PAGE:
Probate laws, which vary by state, govern the process used to distribute your assets when you die. Whether or not you make a valid will, your assets will likely have to go through the probate process to pay your final debts and distribute your assets to your heirs and beneficiaries. While some property, like life insurance or trust assets, transfers to your beneficiaries outside the probate process, other property can only be distributed after your estate's probate case is complete.
Beginning a Probate Case
After you pass away, your loved ones or another interested party must open a probate case for your estate. States typically offer different types of probate processes depending on the size of your estate and the issues involved. For example, a state may offer an informal process for lower value estates and a formal, court-intensive process for large estates. Typically, both formal and informal cases begin when an interested party files a petition with the state court that handles probate cases. If you leave a will, it must be submitted to the court with your probate case, so it is often wise to let your friends and family know where you keep the original document.
The probate court that handles your estate appoints an administrator to manage your estate through the probate process, sometimes called a personal representative or executor, depending on your state's probate laws. If, in your will, you name someone to act in this capacity, the court will likely appoint that person. This representative acts as the contact person for all matters involving your estate while it is in probate. For example, if you leave rental property as part of your estate, your personal representative may manage that rental property until it can be distributed to your beneficiaries.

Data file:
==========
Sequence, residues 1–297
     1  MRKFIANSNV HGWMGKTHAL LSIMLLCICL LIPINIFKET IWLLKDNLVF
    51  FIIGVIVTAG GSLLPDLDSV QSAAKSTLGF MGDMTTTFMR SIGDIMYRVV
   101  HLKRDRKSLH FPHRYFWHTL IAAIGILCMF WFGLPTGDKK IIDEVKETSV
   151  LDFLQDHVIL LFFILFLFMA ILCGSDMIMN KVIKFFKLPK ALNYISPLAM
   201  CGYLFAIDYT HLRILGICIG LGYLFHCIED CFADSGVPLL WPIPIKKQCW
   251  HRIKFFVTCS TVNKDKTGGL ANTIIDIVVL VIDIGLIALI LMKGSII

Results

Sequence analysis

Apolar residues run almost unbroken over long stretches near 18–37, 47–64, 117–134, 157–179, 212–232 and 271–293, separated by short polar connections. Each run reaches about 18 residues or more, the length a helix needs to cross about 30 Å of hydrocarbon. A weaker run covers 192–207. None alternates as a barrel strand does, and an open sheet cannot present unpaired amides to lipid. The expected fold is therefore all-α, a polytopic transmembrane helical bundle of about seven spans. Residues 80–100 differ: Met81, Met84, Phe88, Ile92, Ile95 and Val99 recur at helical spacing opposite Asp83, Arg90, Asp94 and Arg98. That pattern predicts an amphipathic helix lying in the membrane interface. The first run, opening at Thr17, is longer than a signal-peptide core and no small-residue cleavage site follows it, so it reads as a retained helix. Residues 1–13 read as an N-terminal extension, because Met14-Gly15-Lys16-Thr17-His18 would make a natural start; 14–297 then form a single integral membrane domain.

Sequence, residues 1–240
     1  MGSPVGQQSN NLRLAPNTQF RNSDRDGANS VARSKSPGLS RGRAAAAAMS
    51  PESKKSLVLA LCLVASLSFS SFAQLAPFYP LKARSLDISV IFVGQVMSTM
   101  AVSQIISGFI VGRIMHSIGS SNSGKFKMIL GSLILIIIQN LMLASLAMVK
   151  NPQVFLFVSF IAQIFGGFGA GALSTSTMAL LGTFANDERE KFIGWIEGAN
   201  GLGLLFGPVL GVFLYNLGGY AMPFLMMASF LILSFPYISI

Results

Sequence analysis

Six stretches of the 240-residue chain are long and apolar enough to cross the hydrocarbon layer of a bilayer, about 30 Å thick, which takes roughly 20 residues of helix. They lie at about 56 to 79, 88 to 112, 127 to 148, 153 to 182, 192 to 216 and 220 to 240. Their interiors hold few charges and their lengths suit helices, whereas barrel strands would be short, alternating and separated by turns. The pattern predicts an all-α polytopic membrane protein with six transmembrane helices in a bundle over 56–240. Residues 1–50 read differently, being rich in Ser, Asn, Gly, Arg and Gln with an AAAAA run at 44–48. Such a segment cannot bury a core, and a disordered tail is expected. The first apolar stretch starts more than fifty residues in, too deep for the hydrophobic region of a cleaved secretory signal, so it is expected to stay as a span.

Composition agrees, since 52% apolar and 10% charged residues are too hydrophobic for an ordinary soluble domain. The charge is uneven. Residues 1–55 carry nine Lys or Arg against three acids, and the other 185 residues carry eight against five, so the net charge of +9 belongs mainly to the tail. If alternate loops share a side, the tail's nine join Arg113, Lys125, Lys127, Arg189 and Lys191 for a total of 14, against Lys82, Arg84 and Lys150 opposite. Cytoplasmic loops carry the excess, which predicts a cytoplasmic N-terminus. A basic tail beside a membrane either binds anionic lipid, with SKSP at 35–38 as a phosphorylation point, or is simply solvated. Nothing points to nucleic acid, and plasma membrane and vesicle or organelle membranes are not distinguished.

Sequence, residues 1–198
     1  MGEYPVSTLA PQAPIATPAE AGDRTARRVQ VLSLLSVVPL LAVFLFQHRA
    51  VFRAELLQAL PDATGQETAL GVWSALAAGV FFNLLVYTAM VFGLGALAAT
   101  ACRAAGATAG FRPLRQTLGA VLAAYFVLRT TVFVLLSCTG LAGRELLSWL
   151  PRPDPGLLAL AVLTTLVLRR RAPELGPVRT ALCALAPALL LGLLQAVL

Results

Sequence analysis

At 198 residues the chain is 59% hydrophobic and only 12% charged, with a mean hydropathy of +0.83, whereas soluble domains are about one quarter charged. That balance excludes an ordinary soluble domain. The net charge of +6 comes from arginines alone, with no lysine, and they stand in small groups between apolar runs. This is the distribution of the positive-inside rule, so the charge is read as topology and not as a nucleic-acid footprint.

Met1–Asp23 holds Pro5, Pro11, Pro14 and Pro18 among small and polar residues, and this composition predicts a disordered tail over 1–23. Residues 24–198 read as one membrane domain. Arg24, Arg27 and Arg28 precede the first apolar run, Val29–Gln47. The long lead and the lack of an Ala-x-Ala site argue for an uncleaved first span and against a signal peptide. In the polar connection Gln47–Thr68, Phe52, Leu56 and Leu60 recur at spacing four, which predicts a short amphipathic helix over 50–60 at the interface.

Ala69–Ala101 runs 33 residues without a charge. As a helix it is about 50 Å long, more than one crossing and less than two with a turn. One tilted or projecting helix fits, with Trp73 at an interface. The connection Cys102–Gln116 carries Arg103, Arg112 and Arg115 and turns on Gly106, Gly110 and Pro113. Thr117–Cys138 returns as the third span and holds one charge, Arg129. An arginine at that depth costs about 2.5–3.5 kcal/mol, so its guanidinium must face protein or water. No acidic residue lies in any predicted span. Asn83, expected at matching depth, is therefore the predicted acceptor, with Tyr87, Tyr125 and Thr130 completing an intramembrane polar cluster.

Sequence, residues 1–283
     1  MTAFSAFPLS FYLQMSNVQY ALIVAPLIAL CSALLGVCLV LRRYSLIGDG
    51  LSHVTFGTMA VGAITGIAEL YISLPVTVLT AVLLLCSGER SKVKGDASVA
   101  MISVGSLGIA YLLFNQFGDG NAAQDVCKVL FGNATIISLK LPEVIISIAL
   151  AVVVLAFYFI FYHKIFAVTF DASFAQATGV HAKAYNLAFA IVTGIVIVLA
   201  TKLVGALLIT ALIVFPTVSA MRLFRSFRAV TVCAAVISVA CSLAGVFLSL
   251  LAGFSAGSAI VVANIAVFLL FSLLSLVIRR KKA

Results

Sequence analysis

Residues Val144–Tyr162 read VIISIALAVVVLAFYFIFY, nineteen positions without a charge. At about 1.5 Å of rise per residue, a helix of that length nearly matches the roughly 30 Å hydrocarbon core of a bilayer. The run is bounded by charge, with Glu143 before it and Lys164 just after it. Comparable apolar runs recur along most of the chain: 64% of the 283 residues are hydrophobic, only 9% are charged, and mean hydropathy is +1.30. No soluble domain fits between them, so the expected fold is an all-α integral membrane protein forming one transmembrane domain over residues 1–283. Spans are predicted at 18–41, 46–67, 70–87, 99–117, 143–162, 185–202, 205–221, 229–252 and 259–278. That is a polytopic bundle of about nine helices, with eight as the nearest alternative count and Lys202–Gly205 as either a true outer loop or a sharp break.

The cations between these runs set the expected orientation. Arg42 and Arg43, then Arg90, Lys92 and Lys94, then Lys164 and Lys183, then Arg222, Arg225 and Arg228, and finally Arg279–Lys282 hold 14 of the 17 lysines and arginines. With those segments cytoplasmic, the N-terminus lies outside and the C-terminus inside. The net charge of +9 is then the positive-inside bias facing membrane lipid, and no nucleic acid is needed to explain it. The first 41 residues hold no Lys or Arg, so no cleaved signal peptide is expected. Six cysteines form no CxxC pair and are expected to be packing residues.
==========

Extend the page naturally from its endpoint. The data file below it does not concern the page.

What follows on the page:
Inventory and Claims
Under probate laws, your personal representative must assemble all of your probate assets and inventory them. The inventory must be given to the probate court and it may include items like money from bank accounts, personal property, vehicles and real estate. Your personal representative uses those assets to pay your creditors. The creditor notification process varies by state, but may include sending letters to known creditors and publishing notice in a newspaper. Creditors must send claims to your personal representative who determines whether the claims are valid before using your estate's assets to pay them.
Distribution of Assets
Once your personal representative has completed all the steps of probate in your state, including gathering your assets and paying creditors' claims, he can obtain permission from the court to distribute your assets. If you left a valid will, the court will approve a distribution in accordance with your will's terms. If you did not leave a will, you are said to have died intestate and your assets must be distributed according to your state's intestate succession laws. Typically, these laws give a share of your estate to your spouse, and may give a share to your children or parents as well.